Baguio City is higher, much higher than the places I run in most often. It is situated at an altitude of approximately 1,540 meters (5,050 feet) above sea level. Kidapawan, which I call home, has an elevation of  279 meters (915 feet) while Cotabato City, which is my main workplace, is a mere 7 meters (22 feet) above sea level. I expected running here to be more difficult and challenging, and indeed, after a few meters, I felt the burn in my lungs. I was going downhill but I felt I was gasping for air. Blame that on the altitude, I told myself, and on the ageing lungs, too.

It didn't take long though for the body to do what it does best, adapt. I was soon running more comfortably, carrying on with the usual breathing pattern that matched my stride - two steps, inhale; two steps, exhale. I felt energized, eager to just follow the road and run, but also wary of the fact that I was not familiar with this place and getting lost was the least of what I wanted to happen to me.

After seeing 25 minutes on my wristwatch chronograph, I decided to turn back. The route I took was mostly downhill so I braced myself for a long climb. It was indeed long, but a gradual one, and the suffering I was anticipating my legs and lungs to experience didn't really happen.

Going back up, I noticed I was meeting more runners. I also noticed that almost everyone of them was  in cold weather gear - running tights, long sleeve dri-fit top. I felt like a weird, crazy guy in my short shorts and singlet. That I wasn't sweating that much didn't really come as a surprise. I was expecting that in Baguio's chilly air.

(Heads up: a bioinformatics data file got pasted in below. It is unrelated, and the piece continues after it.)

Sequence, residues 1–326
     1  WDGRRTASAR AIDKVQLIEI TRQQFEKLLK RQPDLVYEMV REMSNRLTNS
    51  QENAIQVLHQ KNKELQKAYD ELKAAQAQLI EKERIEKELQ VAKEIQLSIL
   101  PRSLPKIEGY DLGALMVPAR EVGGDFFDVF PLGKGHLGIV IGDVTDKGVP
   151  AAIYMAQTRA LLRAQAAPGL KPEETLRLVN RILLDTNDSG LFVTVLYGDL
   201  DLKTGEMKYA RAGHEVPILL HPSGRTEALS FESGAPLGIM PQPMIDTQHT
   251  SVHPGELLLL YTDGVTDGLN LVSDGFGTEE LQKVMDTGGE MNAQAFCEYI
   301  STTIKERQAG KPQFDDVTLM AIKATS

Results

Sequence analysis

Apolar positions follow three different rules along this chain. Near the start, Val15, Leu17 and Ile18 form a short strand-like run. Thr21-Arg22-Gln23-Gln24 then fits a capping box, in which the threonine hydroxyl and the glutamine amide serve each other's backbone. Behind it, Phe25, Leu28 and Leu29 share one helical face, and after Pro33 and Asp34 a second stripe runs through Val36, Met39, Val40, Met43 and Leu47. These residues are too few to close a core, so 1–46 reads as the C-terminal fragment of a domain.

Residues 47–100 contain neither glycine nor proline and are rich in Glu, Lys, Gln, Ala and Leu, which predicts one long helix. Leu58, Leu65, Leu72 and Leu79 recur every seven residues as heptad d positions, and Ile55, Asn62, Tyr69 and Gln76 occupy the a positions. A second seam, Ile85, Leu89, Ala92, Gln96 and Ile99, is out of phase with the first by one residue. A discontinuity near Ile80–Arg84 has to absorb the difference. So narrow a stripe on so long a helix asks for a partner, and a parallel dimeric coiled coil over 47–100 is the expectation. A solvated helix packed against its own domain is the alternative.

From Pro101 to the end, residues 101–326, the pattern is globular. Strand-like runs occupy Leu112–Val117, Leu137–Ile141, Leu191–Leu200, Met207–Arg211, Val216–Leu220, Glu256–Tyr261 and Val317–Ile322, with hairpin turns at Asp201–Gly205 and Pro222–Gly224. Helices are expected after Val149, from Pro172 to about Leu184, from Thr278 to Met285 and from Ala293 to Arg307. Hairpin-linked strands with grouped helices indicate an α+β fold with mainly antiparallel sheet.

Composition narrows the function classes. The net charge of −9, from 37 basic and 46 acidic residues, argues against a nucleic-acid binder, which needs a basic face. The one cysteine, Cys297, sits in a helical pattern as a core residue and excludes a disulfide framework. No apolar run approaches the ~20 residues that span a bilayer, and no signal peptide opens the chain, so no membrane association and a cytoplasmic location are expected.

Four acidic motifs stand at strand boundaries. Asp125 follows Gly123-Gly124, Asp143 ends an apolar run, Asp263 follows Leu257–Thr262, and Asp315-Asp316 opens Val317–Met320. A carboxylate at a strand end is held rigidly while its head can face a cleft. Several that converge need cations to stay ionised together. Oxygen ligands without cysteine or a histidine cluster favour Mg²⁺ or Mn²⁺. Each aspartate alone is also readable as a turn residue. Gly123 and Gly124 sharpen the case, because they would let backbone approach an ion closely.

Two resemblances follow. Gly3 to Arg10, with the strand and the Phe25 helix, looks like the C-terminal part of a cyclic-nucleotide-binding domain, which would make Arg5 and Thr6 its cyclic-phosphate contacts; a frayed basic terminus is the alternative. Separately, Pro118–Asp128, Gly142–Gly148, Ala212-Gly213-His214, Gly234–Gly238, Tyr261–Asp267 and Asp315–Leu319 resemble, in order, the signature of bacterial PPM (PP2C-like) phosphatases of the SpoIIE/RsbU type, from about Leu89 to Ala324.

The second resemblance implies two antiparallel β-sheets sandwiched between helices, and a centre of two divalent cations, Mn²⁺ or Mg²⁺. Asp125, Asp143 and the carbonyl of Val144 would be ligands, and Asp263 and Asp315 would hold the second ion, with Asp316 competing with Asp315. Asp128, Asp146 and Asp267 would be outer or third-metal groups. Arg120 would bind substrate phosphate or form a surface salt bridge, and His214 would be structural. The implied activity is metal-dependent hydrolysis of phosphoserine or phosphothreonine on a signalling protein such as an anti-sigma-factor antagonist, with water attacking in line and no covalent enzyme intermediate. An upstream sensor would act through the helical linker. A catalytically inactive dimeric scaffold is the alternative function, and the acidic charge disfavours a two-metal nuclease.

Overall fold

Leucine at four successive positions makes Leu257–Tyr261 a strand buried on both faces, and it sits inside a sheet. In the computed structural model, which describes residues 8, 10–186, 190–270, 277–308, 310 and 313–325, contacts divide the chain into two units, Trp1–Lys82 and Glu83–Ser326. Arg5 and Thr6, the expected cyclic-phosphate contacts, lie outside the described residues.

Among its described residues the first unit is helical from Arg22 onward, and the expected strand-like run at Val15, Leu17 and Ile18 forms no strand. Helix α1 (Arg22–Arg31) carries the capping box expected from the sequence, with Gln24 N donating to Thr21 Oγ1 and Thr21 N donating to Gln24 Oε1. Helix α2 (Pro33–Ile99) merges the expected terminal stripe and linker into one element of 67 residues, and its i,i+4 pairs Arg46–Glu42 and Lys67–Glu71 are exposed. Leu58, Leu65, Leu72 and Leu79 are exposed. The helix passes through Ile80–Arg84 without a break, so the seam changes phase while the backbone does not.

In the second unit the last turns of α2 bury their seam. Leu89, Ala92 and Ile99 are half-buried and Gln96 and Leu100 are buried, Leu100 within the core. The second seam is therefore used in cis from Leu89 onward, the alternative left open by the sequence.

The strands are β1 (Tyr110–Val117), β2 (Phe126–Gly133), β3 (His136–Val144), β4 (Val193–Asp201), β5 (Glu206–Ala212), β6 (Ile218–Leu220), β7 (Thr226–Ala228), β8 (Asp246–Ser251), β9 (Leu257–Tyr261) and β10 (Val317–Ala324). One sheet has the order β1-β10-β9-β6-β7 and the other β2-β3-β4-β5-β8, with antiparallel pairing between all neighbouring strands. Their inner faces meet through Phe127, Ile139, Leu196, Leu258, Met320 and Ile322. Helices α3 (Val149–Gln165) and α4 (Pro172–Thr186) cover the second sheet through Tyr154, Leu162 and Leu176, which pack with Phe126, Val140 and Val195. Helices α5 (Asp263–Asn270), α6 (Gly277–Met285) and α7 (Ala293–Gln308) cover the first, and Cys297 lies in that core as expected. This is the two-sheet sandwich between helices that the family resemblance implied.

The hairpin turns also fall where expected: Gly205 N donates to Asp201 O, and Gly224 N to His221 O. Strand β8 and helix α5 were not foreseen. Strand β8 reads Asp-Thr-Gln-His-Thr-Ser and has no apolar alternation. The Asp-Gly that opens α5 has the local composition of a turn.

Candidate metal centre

The night before, I asked that van driver who took us from Manila to Baguio, where one ascending section of a fork in the road (the other went downhill) was going. Camp John Hay, he said. I decided to run on along that road.

It was in John Hay that I finally felt the burn. Going up on Sheridan Drive was a challenge after having gone through several climbs at high altitude earlier. I was taking short, fast steps and breathing heavily, thankful when I reached the point where I decided to make my turnaround.

It was much easier after that.

Running also felt much easier the next morning. I had more confidence. I also had on my orange dri-fit shirt as I ran from Iggy's Inn on South Drive to John Hay, Wright Park, back up South Drive, to Panagbenga Park, and finally back to Iggy's Inn. I sweated more as well.

Sunday, March 15, 2015

Looking forward to a Baguio run

As we were driving to the seminar venue, I noticed that the road we were taking was only going one way - up.

I've been here a couple of times before. I don't remember doing any run in either. Tomorrow I plan to do one, finally have a feel of running in Baguio City's altitude, terrain, and chill. And if things go well, maybe I'll do another one the next day, and still another the day after that.

Running is a good way to go around and get to know a place. I always take my running shoes on out-of-town trips and do a run or two if time permits. I've done it in Vigan, on Calle Crisologo, around Plaza Salcedo, and all those other streets the names of which I don't remember. I've done it in Tagbilaran and in Cebu, in Malaybalay and in Ozamis, in Cagayan de Oro in the rain, and twice in Tagaytay while enjoying the view of Lake Taal and the volcano island. There were other places.

I tried running in the the high altitude of Llallagua in Bolivia, around the snow covered plaza infront of the church. I only managed a few rounds. I was in running tights and sweats but I hardly sweat in the cold winter air. It was entirely the opposite of my experience in Brunei's Bandar Seri Begawan. I had a lot more luck working up a sweat in its clean, tree-lined streets around the hotel where we stayed.

Tomorrow morning would be getting-to-know-Baguio-streets time. I hope it would be a fine first experience.